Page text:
How can different actors – governments, humanitarian organizations, people affected by humanitarian crises and new partners including the private sector – work together to address humanitarian effectiveness and serve the needs of people in conflict? These are some of the questions to be addressed at the first World Humanitarian Summit, an initiative of UN Secretary-General Ban Ki-moon, which will be held in Istanbul in May 2016.
As part of the learning and evidence building agenda of the Global Alliance for Community Philanthropy, the GFCF has been engaged in an ongoing research and consultation process on the potential and importance of local level foundations’ role in disaster response. In July 2015, Avila Kilmurray presented a paper on this theme at a Humanitarian Innovation Conference at Oxford University, one of a number of preparatory events to lay the basis for the World Humanitarian Summit.
Recent years have seen the emergence of community philanthropy organizations in Central and Eastern Europe and the Global South. Many of these new kinds of institutions find areas that have experienced natural disasters/emergencies, the impact of violent political conflict, or indeed, the complexities where both circumstances overlap. There is, however, a growing body of evidence to suggest that locally based community philanthropy organizations have considerable potential to complement humanitarian efforts and interests through:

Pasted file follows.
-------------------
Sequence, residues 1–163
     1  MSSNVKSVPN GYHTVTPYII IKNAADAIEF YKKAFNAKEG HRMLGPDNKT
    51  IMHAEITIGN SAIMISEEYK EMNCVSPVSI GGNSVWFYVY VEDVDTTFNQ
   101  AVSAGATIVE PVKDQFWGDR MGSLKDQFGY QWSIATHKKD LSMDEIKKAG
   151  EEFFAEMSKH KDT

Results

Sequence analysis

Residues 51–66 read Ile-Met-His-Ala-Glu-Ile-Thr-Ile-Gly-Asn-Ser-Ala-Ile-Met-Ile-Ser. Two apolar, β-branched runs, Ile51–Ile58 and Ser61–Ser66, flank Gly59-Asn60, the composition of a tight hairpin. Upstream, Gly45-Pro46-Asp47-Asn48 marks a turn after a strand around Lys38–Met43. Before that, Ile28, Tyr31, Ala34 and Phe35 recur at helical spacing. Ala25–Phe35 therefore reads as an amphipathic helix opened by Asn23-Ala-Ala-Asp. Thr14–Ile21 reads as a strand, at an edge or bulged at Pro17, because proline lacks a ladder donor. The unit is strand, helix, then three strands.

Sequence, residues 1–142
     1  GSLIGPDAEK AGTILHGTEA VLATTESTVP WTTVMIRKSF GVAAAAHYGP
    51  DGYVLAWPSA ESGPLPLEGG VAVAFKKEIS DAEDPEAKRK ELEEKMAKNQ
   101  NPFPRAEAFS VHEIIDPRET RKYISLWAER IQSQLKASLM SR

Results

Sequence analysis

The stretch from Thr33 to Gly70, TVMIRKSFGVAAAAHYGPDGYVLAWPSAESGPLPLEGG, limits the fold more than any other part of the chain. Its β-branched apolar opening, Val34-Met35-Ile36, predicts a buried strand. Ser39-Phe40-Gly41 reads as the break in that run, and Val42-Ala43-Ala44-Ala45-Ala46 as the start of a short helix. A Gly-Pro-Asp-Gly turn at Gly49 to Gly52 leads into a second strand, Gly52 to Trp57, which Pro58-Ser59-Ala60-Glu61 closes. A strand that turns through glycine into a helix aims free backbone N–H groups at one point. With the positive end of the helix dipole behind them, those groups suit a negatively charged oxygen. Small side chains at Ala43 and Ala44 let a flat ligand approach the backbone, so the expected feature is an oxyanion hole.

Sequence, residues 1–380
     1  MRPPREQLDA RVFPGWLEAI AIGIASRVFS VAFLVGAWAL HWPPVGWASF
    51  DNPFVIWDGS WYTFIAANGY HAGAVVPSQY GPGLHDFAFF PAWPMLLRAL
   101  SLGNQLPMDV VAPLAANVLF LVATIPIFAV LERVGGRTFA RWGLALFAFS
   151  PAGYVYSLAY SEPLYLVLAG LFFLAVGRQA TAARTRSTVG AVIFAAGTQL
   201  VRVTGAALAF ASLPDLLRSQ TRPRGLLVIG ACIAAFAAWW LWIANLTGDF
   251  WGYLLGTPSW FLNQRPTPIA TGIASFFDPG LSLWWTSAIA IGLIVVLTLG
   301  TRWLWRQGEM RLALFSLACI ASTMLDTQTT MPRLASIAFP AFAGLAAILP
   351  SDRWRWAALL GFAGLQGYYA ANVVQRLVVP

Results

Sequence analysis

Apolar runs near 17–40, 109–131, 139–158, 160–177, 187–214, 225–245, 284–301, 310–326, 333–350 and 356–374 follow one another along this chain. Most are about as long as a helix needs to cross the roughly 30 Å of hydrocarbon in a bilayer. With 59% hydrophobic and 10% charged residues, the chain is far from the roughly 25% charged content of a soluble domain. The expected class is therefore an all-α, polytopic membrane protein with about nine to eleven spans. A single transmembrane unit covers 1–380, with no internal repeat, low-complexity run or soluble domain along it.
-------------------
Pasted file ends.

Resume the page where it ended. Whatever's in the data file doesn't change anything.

- Supporting the voice and participation of affected peoples and communities;
- Promoting programmes of disaster/emergency preparedness;
- Managing funding programmes that can contribute to long term community reconstruction and resilience;
- Managing funding programmes that can underpin efforts for peacebuilding and conflict transformation; and,
- Contributing towards the building of relations through networking and policy convening on issues of importance in fragmented communities.